The word “dementia” is being tossed about here with little regard to what it actually means. It is a word that has a specific technical meaning and is not something that can be diagnosed by simply watching someone on TV or reading their tweets. There is no specific, single identifying symptom of dementia. Statements someone doesn’t like, decisions someone thinks are bad, slips of the tongue, lapses of memory, spelling or grammatical errors, calling another national leader “Rocket Man” and comparing your button to his, cutting off aid to Pakistan, enforcing the law as written, not believing in global warming, referring to yourself as a stable genius, acting like an idiot at times, doing inexplicable things, being unethical, etc. are not specific symptoms of dementia. Taken all together they do not make the diagnosis of dementia. To make a diagnosis in this manner is no more valid than diagnosing Hillary as having seizures based on a few movements seen on video.
Dementia is a syndrome, a group of symptoms that occur together, not a specific disease. There are many diseases that may result in dementia such as Alzheimer’s disease, Lewy body disease, and vascular disease to name only a few. The DSM V actually eliminated the term “dementia” and replaced it with the term “major neurocognitive disorder” but the diagnostic criteria are essentially unchanged and they are (taken from the DSM V):
Evidence of significant cognitive decline from a previous level of performance in one or more cognitive domains (complex attention, executive function, learning and memory, language, perceptual-motor, or social cognition) based on:
Concern of the individual, a knowledgeable informant, or the clinician that there has been a significant decline in cognitive function; and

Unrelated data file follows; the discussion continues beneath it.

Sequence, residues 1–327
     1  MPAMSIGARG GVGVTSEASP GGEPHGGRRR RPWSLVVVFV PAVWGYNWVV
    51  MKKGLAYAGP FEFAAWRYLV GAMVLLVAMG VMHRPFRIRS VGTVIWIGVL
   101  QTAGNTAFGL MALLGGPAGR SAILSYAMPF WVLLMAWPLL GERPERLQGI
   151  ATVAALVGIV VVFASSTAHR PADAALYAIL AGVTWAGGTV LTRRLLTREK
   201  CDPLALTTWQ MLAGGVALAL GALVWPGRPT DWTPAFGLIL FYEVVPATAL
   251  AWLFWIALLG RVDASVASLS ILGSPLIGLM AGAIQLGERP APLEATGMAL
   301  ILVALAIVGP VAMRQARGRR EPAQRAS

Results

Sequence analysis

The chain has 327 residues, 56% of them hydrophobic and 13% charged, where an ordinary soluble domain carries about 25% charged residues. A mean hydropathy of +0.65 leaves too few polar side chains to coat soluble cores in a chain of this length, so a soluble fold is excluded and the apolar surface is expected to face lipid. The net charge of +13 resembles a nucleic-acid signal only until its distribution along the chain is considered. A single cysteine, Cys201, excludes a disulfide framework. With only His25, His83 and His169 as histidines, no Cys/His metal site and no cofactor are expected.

A substantial impairment in cognitive performance, preferably documented by standardized neuropsychological testing or, in its absence, another quantified clinical assessment.
The cognitive deficits interfere with independence in everyday activities (i.e., at a minimum, requiring assistance with complex instrumental activities of daily living such as paying bills or managing medications).
There are a couple of other technical requirements that are not pertinent to this discussion.
As you can see the first criteria requires a “significant cognitive decline” in one or more areas of functioning. I don’t believe anyone can give specific examples from available sources to conclusively show there has been a significant decline. I don’t think there is any available evidence that even strongly suggests there has been a significant decline.
Has Trump himself, a knowledgeable informant (not an anonymous source), or a clinician who has actually examined him expressed concern that he has experienced a significant cognitive decline? Both Theresa May and Mike Pompeo, though not clinicians, have at least interacted with him in circumstances that would be likely to reveal significant cognitive impairment, and they say no. Has there been standardized testing or other quantified clinical assessment? If there is, it certainly isn’t public knowledge. Does he require assistance with taking his medications and paying his bills? I don’t know but I rather doubt it.
For anyone other than a qualified professional who has actually examined him to diagnose that he is demented is simply name calling and should be given the weight it deserves. Absolutely none. Now if you want to call him demented, a moron, an idiot, or anything else in the slang rather than technical sense of those terms, have at it, but don’t then try to pretend that you made a real diagnosis carrying any weight or satisfying the requirements of the 25th Amendment.